I’ve just finished reading “The Great Influenza,” a book which can make anyone seriously paranoid. It’s a comprehensive history of the Spanish Flu Pandemic of 1918. You can’t help but wonder about the possibility of another worldwide viral pandemic.
Just to be clear, I don’t count myself as a “Doomsday Prepper.” Even so, after reading this book, you start to think that making a few preparations might not be such a bad idea. (more…)
To answer the question, “Is it possible to Colonize the Galaxy?”, we need to think about the physics of interstellar travel. Last week we talked about communication, and the thesis that Faster than Light (FTL) communication is a requirement for a meaningful dialog. Receiving radio signals from a technological civilization would certainly change our understanding of the universe, but receiving a message, even if we understand it completely, does not necessarily imply that a meaningful dialog is possible.
I think SETI, the Search for Extraterrestrial Intelligence, is a wasted effort. Just to be clear, it’s not the concept of Searching for Extraterrestrial Intelligence that’s a waste, it’s the way it’s being done. I know I’m going out on a limb here, but there is a certain logic.
As I see it, SETI is about two things. First, to find out if advanced, technological civilizations exist, and second, to possibly communicate with them. (more…)
One of the great questions of our time is “Are We Alone?” There are really two parts to this question. The first part is “Does life exist which did not originate on earth?” The second part, perhaps even more important, “Do other intelligent and technological civilizations exist?” The Fermi Paradox is a way of asking, if the aliens are out there, why haven’t we seen some sign?
For the sake of this discussion, let’s assume that life does exist on other worlds. It seems a reasonable assumption, given our understanding of chemistry and the evolution of life on earth. We know that life appeared on earth relatively shortly after the formation of our planet. As soon as water, some basic precursor chemicals and energy were available, molecules clumped together to form stable systems that could reproduce themselves. Scientists still debate the exact point where these complex organic assemblies became “life,” but it seems that given the right ingredients and enough time in a stable environment, the result is simple life. (more…)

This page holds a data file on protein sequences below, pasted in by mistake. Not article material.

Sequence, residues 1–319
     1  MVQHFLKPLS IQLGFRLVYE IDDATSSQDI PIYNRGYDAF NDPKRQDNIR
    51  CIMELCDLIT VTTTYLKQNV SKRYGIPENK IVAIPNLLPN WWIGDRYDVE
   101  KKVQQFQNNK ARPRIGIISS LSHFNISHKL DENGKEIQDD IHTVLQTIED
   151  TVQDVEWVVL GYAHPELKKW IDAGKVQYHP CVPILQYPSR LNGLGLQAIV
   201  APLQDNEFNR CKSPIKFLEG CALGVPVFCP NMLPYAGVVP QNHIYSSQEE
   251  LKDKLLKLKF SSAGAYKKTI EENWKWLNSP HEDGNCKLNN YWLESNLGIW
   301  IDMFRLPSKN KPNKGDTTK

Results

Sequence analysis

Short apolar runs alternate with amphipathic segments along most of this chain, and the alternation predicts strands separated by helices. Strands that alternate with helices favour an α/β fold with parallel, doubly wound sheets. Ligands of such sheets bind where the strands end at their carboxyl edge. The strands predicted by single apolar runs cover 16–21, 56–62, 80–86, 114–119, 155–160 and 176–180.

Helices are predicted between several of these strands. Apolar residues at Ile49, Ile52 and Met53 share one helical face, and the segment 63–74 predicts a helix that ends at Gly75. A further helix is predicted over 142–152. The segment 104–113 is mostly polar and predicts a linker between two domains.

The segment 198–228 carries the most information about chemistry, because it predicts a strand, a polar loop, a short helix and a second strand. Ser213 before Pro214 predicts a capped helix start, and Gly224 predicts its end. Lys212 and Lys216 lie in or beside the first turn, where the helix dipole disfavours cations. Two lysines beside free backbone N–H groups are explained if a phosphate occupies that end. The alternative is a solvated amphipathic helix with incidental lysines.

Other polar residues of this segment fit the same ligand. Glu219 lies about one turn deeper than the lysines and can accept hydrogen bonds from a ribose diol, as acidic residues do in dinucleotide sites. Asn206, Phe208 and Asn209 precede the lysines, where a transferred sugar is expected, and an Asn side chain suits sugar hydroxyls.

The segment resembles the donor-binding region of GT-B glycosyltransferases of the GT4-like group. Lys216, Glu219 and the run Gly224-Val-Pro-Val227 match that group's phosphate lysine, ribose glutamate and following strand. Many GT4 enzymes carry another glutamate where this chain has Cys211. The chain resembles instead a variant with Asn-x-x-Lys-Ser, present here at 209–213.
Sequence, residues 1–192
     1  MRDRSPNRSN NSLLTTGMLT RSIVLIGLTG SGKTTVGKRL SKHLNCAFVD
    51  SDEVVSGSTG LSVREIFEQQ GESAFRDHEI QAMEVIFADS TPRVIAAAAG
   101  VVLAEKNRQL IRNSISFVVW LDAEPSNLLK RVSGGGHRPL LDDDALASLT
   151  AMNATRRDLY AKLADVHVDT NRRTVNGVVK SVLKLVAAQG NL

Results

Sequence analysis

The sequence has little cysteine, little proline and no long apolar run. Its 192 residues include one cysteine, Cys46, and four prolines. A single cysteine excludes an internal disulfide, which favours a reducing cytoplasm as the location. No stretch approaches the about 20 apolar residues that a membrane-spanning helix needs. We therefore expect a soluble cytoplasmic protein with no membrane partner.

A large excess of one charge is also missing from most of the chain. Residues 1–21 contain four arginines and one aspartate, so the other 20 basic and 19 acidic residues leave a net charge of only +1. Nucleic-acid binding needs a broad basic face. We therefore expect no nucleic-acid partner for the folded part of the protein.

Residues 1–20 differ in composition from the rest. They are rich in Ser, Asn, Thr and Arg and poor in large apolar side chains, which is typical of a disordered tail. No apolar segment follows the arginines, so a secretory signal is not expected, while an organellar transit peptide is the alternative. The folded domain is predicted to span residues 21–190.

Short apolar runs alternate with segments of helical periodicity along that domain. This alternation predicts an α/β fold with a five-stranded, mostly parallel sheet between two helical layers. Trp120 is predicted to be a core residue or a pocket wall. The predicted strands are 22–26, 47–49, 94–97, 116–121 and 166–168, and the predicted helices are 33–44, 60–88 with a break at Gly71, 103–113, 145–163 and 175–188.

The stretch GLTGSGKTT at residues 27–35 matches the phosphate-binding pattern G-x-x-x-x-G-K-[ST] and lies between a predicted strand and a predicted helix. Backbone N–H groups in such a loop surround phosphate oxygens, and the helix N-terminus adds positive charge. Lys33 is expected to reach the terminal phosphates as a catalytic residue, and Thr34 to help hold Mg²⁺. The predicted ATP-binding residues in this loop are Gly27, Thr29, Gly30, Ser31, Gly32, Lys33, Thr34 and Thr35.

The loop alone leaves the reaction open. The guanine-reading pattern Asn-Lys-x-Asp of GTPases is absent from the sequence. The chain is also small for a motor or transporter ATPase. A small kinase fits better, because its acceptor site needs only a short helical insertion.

Recent tropical storm damage in South Carolina, has been labeled by the media as a 1000 year flood. That is totally bogus. While the flood damage was devastating, it was not a once in 1000 year event. Similar catastrophic weather events are becoming common all across the US, and the southeast is no exception. In 1989, hurricane Hugo made landfall in Charleston, South Carolina, with devastating effect. (more…)
Much of the discussion about the long term effects of Climate Change center around various natural disasters. Drought, floods, hurricanes and wildfires are the hot topics. While these direct effects are definitely things to be concerned about, there are several less obvious issues that may well turn out to have more severe and insidious consequences.
Let’s deal with the simple and obvious problems first. Heat waves, which is by far the most lethal weather phenomenon. Europe was introduced to its Climate Change future during the 2003 Heat Wave. There were 70,000 deaths related to this heat wave. In an area with a similar population to the US. 14,000 deaths in France alone. France does not typically have hot summers, so it has a lower installed base of air conditioning. Also, the heat wave happened in August, the peak vacation period in western Europe. All across Europe, the elderly were affected disproportionately. (more…)